To return to contractors and their role in this system, their existence has, to a great extent shielded broader society from potential consequences of legislation, such as Glass-Steagall. Contractors are not classified as federal employees, so they and their relatives are not subject to the professional restrictions placed on government workers. This is not to argue that such laws should be dismantled. The historic circumstances which led to the creation of Glass-Steagall are such that there seems to be a need for clearly defined boundaries and consequences, even if there are career penalties, not only for oneself, but also for future generations involved.
Domitrovic is correct in maintaining that not only are the 1.5 million official federal employees superfluous, but the necessity of 15 million contractors, for whom the former group spends most of its time writing paychecks, should also be reconsidered. The real solution, as socially unacceptable as it would be, is to return to the mentality of thinking of government employees of all types as pariahs, much the way they were seen in the 1930s, when they were the people who had given up on the American dream of entrepreneurship, private industry, or intellectual pursuits. According to the mores of that time, these people had chosen mere dumb existence, rather than life. Aside from any practical concerns of insider training or abuse of knowledge, the personnel restrictions of Glass-Steagall came from a time when constituents fully supported banning such “losers” from aspiring to the pinnacles of industry and finance. Returning to such an attitude and extending it to include government-only contractors would not only assist in dismantling the bureaucratic state but would also incentivize private endeavor of all types, reestablishing it as greater in the social hierarchy.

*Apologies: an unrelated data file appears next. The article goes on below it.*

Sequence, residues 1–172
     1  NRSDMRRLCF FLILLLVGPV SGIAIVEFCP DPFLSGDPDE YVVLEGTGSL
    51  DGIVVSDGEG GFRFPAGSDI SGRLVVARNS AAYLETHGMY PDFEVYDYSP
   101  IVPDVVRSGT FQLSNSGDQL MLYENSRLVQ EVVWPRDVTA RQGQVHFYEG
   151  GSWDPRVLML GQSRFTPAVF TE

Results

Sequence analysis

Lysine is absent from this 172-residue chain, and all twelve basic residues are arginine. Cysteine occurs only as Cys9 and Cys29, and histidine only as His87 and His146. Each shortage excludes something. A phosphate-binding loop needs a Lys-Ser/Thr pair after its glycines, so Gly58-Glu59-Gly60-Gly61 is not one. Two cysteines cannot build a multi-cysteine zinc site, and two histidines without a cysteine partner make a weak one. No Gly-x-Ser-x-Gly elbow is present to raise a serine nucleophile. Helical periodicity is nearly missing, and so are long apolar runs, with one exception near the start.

Some readers may recall Anthony Scaramucci, the Press Secretary whose tenure only lasted ten days, was an investment banker first. He is an exception in that his mother was a school teacher. The restrictions have been relaxed over the years, allowing for employment in the elite parts of the private sector if 1) more than five years have passed since employment by the government, 2) the candidate has accomplished a career objective sufficient to indicate severance with his previous associates, e.g. obtained an academic degree, 3) and in the case of exceptionally promising individuals, the private employer may examine the situation on a case-by-case basis and petition the regulatory authorities for an exemption.